Each tiny movement of the stage triggers the camera to take a picture. In this way, the researchers can get the full 3-D structure of the mouse brain's vascular network – from arteries and veins down to the smallest capillaries – in less than two days at full production speed. In the future the team plans to augment the process with fluorescence imaging, which will allow researchers to link brain structure to function.

Source: Optical Society of America - via ZeitNews.org

 

The discovery explains the mechanism of this memory -- a sort of biological switch -- and how it can also be inherited by offspring.

The work was led by Professor Martin Howard and Professor Caroline Dean at the John Innes Centre.

Professor Dean said: "There are quite a few examples that we now know of where the activity of genes can be affected in the long term by environmental factors. And in some cases the environment of an individual can actually affect the biology or physiology of their offspring but there is no change to the genome sequence."

For example, some studies have shown that in families where there was a severe food shortage in the grandparents' generation, the children and grandchildren have a greater risk of cardiovascular disease and diabetes, which could be explained by epigenetic memory. But until now there hasn't been a clear mechanism to explain how individuals could develop a "memory" of a variable factor, such as nutrition.

The team used the example of how plants "remember" the length of the cold winter period in order to exquisitely time flowering so that pollination, development, seed dispersal and germination can all happen at the appropriate time.

Professor Howard said: "We already knew quite a lot about the genes involved in flowering and it was clear that something goes on in winter that affects the timing of flowering, according to the length of the cold period."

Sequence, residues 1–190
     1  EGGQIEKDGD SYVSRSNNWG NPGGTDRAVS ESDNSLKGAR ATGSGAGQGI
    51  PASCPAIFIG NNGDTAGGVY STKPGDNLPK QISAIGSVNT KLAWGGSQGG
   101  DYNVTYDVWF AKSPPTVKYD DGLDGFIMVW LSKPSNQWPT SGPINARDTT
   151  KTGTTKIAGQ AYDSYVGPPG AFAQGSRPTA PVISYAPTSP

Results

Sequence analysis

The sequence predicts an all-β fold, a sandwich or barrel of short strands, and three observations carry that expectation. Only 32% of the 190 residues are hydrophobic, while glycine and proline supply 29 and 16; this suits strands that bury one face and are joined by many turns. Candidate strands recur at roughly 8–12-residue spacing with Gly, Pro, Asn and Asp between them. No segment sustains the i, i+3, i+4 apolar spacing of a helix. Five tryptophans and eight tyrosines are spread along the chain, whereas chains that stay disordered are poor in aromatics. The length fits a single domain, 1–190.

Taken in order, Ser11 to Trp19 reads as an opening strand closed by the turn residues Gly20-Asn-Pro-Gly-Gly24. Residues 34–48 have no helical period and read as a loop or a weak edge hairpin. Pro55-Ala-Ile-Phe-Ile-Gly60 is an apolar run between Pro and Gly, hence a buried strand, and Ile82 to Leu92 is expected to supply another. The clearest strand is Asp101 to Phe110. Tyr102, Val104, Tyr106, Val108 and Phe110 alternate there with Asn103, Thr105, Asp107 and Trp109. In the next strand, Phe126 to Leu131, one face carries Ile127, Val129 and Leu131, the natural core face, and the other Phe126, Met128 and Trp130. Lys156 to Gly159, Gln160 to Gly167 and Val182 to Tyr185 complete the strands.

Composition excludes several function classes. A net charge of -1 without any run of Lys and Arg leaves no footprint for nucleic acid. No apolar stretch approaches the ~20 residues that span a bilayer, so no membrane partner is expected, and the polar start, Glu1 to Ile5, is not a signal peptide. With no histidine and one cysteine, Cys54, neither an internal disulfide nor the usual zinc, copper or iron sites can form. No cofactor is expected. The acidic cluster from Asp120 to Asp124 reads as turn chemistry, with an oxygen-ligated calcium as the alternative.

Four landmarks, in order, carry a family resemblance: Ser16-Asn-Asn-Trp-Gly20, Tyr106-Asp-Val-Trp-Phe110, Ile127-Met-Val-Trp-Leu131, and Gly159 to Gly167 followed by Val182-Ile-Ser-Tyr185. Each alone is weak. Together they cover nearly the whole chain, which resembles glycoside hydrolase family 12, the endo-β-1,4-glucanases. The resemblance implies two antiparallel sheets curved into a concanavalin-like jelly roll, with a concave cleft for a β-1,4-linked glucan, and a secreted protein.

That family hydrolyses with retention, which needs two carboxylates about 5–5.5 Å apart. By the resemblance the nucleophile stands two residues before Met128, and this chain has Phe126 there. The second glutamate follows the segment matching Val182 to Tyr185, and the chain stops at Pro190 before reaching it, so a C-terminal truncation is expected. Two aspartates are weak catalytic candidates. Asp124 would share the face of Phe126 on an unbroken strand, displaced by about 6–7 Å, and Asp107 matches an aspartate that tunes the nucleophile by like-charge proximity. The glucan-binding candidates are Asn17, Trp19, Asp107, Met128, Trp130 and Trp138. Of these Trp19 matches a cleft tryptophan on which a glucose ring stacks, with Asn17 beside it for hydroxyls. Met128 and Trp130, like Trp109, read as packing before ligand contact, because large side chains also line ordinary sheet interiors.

Using a combination of mathematical modelling and experimental analysis the team has uncovered the system by which a key gene called FLC is either completely off or completely on in any one cell and also later in its progeny. They found that the longer the cold period, the higher the proportion of cells that have FLC stably flipped to the off position. This delays flowering and is down to a phenomenon known as epigenetic memory.

Epigenetic memory comes in various guises, but one important form involves histones -- the proteins around which DNA is wrapped. Particular chemical modifications can be attached to histones and these modifications can then affect the expression of nearby genes, turning them on or off. These modifications can be inherited by daughter cells, when the cells divide, and if they occur in the cells that form gametes (e.g. sperm in mammals or pollen in plants) then they can also pass on to offspring.

Together with Dr Andrew Angel (also at the John Innes Centre), Professor Howard produced a mathematical model of the FLC system. The model predicted that inside each individual cell, the FLC gene should be either completely activated or completely silenced, with the fraction of cells switching to the silenced state increasing with longer periods of cold.

To provide experimental evidence to back up the model, Dr Jie Song in Prof. Dean's group used a technique where any cell that had the FLC gene switched on, showed up blue under a microscope. From her observations, it was clear that cells were either completely switched or not switched at all, in agreement with the theory.